Dems Quietly Explore Banning Trump From Office
According to a report from The Hill, some Democrats have been quietly exploring if they could permanently prevent former President Donald Trump from holding office again, using a post-Civil War amendment.
After the January 6 Capitol riot, calls for Congress to bar Trump from office peaked and have since dwindled. But some are still discussing potentially applying Section 3 of the 14th Amendment.
“If anything, the idea has waxed and waned,” Laurence Tribe, a constitutional expert at Harvard Law School, told the outlet. “I hear it being raised with considerable frequency these days both by media commentators and by members of Congress and their staffs, some of whom have sought my advice on how to implement Section 3.”
The Hill reported, “around a dozen Democratic lawmakers have spoken either publicly or privately over the last year about how Section 3 of the 14th Amendment might apply.”
Recent inquiries include the offices of Rep. Jamie Raskin (D-MD), Rep. Jerry Nadler (D-N.Y.), and Rep. Debbie Wasserman Schultz (D-FL).
“I continue to explore all legal paths to ensure that the people who tried to subvert our democracy are not in charge of it,” Wasserman Schultz told the outlet.
Section 3 of the 14th Amendment says those who “have engaged in insurrection or rebellion against the same” are disqualified from holding office in the future.
“The point is that the constitutional purpose is clear, to keep people exactly like Donald Trump and other traitors to the union from holding public office,” Raskin told ABC News on February 17, 2021. Raskin, a former constitutional law professor, sits on the January 6 House Select Committee.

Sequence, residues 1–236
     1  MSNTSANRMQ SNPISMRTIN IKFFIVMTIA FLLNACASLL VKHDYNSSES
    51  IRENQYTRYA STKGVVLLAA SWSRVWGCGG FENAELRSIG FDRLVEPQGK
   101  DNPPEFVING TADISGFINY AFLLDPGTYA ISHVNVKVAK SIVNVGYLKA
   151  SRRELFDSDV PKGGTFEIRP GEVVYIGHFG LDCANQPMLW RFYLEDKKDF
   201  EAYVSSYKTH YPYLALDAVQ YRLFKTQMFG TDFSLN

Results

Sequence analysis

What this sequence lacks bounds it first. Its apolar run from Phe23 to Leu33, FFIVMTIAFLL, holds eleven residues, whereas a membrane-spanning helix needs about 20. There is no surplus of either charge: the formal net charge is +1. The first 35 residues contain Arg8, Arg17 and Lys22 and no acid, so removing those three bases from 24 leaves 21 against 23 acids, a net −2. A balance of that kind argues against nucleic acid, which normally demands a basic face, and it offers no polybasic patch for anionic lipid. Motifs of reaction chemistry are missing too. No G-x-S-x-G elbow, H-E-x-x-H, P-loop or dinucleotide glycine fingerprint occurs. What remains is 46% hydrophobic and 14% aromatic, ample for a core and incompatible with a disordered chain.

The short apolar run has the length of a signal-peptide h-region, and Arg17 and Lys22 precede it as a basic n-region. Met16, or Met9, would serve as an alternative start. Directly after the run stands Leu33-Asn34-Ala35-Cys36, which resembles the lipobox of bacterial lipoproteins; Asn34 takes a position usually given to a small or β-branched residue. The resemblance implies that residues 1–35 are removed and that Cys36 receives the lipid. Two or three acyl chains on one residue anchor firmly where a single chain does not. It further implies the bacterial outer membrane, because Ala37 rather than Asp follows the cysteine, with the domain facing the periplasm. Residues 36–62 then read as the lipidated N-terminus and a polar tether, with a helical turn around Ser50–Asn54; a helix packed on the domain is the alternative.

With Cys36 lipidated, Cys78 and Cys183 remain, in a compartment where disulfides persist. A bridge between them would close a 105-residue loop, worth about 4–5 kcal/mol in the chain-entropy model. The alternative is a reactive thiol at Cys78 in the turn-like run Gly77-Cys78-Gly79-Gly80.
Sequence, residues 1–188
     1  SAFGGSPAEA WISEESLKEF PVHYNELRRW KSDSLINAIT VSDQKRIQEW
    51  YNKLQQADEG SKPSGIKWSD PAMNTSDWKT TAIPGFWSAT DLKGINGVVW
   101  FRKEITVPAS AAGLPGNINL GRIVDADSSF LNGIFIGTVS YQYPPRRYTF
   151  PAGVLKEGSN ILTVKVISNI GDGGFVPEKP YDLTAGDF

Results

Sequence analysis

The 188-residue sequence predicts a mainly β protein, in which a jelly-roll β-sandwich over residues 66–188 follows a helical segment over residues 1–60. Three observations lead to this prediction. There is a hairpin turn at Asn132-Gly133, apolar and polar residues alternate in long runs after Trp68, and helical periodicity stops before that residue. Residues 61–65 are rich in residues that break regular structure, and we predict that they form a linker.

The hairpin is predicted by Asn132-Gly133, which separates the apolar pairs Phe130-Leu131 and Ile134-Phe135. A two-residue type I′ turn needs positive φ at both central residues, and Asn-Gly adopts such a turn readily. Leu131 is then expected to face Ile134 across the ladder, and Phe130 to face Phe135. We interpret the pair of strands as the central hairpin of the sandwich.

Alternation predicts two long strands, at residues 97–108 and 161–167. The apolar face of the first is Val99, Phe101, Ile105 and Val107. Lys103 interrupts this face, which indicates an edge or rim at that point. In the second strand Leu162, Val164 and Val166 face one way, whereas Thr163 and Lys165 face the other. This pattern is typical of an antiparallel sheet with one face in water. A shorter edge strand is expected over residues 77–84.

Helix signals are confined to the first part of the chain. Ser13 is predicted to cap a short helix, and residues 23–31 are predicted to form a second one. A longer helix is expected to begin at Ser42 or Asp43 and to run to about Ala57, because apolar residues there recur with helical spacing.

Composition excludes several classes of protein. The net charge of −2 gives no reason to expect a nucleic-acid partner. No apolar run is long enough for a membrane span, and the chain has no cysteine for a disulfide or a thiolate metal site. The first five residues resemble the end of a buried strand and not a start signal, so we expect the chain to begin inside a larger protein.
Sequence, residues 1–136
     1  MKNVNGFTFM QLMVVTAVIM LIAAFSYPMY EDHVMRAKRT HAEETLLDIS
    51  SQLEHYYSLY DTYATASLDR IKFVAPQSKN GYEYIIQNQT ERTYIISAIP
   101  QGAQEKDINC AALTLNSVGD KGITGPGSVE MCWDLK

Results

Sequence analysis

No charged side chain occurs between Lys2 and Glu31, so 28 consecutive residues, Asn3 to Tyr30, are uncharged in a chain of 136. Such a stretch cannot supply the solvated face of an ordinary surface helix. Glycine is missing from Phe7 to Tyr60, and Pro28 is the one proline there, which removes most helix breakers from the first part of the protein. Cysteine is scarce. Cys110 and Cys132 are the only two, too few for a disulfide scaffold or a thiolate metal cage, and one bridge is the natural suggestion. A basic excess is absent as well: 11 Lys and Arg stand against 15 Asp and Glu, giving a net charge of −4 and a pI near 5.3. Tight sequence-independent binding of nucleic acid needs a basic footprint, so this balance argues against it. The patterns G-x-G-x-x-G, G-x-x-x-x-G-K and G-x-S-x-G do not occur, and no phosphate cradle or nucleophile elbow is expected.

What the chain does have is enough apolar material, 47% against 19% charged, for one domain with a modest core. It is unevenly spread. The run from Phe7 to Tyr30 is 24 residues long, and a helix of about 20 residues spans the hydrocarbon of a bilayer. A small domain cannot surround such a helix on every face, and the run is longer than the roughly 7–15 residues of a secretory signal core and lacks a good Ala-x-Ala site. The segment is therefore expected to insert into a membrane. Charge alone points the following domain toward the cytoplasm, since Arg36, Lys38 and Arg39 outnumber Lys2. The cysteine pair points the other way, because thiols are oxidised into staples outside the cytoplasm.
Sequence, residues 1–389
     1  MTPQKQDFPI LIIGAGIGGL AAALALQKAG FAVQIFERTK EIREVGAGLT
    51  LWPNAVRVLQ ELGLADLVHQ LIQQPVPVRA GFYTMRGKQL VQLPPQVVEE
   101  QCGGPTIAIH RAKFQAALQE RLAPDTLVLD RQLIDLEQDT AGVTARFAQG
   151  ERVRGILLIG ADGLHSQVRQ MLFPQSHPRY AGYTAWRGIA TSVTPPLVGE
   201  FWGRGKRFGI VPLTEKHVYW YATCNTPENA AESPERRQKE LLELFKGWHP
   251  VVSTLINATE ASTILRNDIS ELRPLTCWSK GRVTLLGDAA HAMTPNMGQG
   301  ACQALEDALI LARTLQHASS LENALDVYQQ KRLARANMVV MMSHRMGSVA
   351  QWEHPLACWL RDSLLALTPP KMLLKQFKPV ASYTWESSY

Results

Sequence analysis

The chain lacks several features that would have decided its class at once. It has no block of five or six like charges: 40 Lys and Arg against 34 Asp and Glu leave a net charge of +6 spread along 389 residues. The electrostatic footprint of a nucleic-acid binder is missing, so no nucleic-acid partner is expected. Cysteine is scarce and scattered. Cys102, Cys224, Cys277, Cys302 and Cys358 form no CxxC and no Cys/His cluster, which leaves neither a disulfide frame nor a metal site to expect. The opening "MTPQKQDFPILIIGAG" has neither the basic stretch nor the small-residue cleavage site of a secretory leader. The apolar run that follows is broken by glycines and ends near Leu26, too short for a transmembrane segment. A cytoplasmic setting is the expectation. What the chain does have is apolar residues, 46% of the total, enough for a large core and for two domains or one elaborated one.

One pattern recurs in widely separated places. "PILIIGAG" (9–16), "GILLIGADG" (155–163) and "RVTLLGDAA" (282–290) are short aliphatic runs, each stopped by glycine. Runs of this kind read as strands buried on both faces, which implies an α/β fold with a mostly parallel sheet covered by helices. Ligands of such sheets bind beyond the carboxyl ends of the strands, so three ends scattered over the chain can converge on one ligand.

From The Hill‘s report:
Most constitutional scholars who spoke to The Hill think the provision is not “self-executing.” In practical terms, that means applying Section 3 to Trump would require an additional step by lawmakers to make the 14th Amendment operative. Some scholars believe that Congress, by a simple majority in both chambers, could act on its own to find Trump engaged in insurrection, which would implicate the constitutional provision. Under the 14th Amendment, restoring Trump’s eligibility would then require a supermajority vote. Other experts, like Tribe of Harvard, say Congress would need to go further, either by establishing a neutral fact-finding body to determine whether Trump engaged in insurrection under Section 3, or assigning that fact-finding role to a federal court.
Whether a push to use the 14th Amendment to disqualify Trump gains traction may depend on what the House panel ultimately determines about his involvement in the incident, Tribe said.
“Once that committee makes clear, as I trust it will, that what took place was indeed an insurrection that triggers Section 3 of the 14th Amendment and that supports criminal prosecution by DOJ of those responsible, it is difficult to imagine this not becoming a logical next step,” Tribe said.